If you're caught with marijuana, the consequences of a conviction will vary depending on the severity of the charges. If it's a misdemeanor, you face up to 12 months in jail, probation for any part of the 12 months not spent in jail, fines of up to $1,000 not including court costs and surcharges, community service hours, getting evaluated for drug abuse or dependence and following all treatment recommended by the evaluator, and submitting to random drug screens at your own expense. While on reporting probation, you'll pay a supervisory fee each month, and have to report to your probation officer whenever they tell you to - usually in person. If you fail to complete any of the requirements on probation, you could find yourself back in jail as punishment.
A felony conviction for marijuana possession, on the other hand, can result in much harsher versions of the above misdemeanor penalties, including long-term imprisonment, a permanent criminal record that can hinder future job and education prospects, and even the loss of certain rights (such as the right to vote while on felony probation). Your fines will be higher and your time on probation will be higher as well - and once again, if you fail to complete any of the requirements on your felony probation, not only could you go to jail as a result, but they could send you to prison for months or years as it is a felony. It's important to weigh the potential risks of having a charge stick as a conviction before deciding to use or possess this drug in Georgia.
Options for First Time Offenders
For many individuals who find themselves in legal trouble for the first time, the possibility of a conviction and a criminal record can be a frightening prospect, especially for something as controversial as marijuana, which has been legalized in other states outside of Georgia. However, in certain circumstances, there may be a way to avoid this outcome and still face the consequences of one's actions. Pre-trial diversion programs provide an alternative to traditional criminal prosecution for those who qualify (usually you must have never been arrested prior to this charge), and many jurisdictions offer this possibility for first-time offenders charged with possession of marijuana. While the requirements of such programs can vary, they generally involve supervised probation and may include drug treatment or community service. If successfully completed, charges may be dismissed or expunged from one's record. For those facing a possession charge, pre-trial diversion may offer a second chance and an opportunity for a brighter future.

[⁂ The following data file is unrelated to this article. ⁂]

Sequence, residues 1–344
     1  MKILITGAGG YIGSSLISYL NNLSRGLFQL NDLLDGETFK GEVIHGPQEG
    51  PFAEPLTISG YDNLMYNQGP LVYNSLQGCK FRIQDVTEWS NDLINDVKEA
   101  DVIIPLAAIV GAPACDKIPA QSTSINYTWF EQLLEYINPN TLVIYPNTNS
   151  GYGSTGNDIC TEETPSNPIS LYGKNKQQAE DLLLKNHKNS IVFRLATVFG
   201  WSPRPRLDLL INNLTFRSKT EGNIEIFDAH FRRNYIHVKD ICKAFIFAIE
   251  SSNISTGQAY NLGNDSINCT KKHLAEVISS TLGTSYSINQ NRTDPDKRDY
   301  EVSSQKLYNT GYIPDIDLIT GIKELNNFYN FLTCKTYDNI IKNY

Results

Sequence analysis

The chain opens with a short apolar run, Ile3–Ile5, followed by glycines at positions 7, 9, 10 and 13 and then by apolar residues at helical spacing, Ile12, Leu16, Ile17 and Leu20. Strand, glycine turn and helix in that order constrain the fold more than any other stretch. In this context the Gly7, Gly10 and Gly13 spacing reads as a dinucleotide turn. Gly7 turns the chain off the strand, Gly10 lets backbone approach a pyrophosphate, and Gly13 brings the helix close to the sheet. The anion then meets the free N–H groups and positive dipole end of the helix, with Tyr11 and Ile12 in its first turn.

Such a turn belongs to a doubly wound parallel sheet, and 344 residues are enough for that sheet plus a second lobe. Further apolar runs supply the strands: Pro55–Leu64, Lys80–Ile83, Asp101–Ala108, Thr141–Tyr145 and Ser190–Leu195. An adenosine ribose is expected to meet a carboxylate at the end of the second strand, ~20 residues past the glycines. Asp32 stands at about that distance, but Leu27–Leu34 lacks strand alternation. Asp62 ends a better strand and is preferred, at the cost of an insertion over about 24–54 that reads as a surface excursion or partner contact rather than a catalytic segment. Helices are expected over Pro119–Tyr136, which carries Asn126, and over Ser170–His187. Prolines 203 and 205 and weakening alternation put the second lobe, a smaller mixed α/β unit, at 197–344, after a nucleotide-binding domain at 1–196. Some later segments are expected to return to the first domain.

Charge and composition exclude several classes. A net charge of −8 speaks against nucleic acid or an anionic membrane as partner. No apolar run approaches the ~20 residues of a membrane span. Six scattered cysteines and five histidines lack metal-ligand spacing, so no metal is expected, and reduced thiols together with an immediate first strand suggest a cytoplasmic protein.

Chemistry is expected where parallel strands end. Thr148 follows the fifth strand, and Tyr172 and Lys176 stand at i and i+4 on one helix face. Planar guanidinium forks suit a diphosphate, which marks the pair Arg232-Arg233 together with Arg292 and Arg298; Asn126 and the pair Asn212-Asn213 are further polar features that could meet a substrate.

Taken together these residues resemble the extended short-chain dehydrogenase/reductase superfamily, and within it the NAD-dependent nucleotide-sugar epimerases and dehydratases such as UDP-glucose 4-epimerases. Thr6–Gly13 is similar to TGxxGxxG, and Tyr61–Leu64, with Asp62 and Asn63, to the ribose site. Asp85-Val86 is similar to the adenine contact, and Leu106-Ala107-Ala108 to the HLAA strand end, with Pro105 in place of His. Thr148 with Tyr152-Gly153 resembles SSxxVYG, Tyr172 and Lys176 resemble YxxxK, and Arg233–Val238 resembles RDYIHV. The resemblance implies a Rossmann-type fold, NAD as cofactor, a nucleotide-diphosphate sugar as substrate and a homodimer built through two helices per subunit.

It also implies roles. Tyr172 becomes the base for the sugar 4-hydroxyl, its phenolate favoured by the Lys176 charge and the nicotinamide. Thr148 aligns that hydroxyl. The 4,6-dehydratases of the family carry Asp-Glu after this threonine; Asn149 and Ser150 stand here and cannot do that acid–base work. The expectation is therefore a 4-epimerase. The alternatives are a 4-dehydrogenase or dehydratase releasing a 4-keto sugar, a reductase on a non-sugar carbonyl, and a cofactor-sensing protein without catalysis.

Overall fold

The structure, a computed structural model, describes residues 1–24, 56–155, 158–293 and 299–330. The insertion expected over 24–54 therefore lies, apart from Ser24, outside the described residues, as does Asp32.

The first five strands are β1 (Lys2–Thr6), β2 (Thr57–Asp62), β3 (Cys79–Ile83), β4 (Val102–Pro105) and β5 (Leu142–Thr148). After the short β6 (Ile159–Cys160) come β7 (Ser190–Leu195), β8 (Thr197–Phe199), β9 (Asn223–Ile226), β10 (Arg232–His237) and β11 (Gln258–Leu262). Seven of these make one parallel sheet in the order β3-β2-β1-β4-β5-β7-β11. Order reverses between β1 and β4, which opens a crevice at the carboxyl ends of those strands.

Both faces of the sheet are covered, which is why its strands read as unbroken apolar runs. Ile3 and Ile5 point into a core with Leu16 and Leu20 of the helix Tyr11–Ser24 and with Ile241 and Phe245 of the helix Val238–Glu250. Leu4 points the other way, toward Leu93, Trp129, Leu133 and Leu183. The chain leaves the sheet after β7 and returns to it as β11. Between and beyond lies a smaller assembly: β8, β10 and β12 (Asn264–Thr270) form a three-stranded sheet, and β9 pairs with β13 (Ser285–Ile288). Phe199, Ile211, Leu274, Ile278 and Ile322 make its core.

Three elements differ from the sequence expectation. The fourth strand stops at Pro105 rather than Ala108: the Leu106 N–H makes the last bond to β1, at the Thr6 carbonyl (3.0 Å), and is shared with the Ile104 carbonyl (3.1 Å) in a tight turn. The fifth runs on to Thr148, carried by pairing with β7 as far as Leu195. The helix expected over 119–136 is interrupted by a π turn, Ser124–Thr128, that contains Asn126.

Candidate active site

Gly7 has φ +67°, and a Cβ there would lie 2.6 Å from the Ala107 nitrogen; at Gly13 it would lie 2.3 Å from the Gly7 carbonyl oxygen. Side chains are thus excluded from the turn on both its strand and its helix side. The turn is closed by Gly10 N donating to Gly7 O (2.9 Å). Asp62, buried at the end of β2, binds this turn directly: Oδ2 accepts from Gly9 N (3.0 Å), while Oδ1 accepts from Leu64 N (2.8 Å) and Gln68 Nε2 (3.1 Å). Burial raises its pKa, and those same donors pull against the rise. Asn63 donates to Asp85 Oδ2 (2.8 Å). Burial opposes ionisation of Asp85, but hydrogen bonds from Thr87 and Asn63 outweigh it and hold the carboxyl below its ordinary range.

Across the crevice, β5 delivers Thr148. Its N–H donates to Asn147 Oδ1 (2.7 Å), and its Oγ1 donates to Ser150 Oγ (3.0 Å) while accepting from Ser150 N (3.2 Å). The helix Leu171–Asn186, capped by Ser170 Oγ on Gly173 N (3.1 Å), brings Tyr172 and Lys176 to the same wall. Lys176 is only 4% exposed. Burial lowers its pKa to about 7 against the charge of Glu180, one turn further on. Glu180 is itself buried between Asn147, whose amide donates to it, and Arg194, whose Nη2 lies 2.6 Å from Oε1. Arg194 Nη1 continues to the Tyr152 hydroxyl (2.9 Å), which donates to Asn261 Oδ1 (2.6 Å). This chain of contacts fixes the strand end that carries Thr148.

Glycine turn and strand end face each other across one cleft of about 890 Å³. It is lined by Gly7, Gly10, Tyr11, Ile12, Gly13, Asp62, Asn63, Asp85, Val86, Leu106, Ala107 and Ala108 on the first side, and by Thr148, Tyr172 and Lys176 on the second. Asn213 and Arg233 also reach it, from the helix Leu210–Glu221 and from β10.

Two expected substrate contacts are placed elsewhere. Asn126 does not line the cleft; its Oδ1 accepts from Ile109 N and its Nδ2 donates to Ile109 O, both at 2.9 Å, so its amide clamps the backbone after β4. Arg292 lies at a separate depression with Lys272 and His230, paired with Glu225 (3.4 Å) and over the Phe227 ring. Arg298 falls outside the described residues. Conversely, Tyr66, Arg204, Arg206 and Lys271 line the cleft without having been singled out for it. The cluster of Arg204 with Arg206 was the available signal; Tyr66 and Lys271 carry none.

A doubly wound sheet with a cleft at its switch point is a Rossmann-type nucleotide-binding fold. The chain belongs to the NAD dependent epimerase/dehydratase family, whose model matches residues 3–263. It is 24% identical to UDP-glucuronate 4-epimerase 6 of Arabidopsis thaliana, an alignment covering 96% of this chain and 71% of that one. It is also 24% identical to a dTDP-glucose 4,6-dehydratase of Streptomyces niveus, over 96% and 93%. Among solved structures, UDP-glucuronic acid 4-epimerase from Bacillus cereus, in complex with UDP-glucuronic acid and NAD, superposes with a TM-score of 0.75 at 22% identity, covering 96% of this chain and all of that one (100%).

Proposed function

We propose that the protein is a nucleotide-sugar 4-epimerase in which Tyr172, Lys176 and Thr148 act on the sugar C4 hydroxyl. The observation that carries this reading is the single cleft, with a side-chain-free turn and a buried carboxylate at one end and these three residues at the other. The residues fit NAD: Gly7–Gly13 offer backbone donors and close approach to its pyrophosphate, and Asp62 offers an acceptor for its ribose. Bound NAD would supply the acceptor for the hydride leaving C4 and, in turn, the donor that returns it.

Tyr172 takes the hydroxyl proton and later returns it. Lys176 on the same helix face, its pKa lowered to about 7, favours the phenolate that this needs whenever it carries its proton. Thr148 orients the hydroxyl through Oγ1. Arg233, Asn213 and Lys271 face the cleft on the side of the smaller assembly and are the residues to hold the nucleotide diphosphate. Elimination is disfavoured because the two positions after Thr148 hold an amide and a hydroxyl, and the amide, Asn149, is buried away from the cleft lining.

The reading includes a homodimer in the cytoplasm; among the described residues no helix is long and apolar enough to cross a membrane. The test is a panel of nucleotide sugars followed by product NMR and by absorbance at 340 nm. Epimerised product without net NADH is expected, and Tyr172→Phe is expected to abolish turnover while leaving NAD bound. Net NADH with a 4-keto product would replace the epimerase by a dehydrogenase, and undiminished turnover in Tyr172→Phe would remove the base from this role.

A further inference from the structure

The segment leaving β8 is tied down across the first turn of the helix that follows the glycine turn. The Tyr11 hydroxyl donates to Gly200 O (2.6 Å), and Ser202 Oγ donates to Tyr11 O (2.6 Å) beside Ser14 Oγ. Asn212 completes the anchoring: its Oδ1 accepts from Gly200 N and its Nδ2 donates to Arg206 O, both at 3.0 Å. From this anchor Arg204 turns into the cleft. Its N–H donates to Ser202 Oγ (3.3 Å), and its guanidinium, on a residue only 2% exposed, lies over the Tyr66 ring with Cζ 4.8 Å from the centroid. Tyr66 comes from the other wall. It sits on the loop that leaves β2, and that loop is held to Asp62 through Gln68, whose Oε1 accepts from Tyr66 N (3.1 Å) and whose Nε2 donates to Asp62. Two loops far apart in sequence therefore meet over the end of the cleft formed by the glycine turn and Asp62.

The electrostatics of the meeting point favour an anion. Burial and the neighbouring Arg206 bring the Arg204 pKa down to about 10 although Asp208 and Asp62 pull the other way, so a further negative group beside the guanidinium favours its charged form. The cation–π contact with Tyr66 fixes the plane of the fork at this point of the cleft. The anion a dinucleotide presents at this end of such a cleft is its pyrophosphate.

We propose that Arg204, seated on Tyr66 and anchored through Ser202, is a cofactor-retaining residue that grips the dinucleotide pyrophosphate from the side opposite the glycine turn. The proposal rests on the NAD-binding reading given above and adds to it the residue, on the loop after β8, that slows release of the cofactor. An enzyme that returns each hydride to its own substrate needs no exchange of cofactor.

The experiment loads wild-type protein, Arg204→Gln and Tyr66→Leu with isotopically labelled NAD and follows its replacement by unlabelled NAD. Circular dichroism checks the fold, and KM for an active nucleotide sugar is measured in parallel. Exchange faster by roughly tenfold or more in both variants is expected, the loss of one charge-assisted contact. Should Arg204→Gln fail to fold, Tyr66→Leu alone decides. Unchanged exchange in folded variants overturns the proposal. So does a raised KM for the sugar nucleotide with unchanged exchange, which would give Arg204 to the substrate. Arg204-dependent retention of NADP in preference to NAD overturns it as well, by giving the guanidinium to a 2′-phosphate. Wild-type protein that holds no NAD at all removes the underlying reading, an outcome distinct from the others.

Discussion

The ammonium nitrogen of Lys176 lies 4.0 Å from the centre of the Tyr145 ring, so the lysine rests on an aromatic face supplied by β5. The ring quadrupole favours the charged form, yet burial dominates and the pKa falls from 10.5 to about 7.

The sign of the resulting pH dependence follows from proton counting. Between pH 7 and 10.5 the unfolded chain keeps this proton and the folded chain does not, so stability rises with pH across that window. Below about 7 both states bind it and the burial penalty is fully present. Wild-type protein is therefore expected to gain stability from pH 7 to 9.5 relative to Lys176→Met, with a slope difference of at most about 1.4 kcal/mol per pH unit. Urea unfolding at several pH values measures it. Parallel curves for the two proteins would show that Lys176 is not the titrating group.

If you are facing a first lifetime drug charge for possession of marijuana in Georgia, but you do not qualify for pre-trial diversion, you may be wondering if there are any options available to help protect your record. One possibility to consider is a conditional discharge guilty plea, offered to ever person once in their lifetime, only usable if they do not have any prior drug convictions. This type of plea agreement would require you to complete a period of probation and the other requirements listed above usually ordered with these charges, but once you successfully complete that probation, the guilty plea would be removed from your record. This can be a valuable option for individuals who want to keep their record clean and avoid the long-term consequences of a drug charge. However, the other side of this type of plea is that if you do not successfully complete probation, you can be resentenced to the maximum required under the law - so if you were originally only on probation for 2 years, but you messed up and got resentenced, they could increase it for an additional year, if the max was 3 years.
If you're interested in exploring either of these options, it may be helpful to consult with an experienced criminal defense attorney who can provide guidance and support as you navigate the legal process.
How We Can Help
At Your Law Firm, we understand that getting charged with possession of marijuana in any amount can be a stressful and confusing experience. Whether it's a misdemeanor or felony, our team has the expertise and care to assist you in navigating through the legal system. We specialize in helping first time offenders keep their lives on track by offering customized legal strategies tailored to fit each individual's unique needs. Our goal is to provide you with the best possible outcome and ensure that your legal rights are protected. With our professional and friendly guidance, we will work with you every step of the way to achieve a successful resolution to your case. Let us assist you today and take that first step towards a brighter future.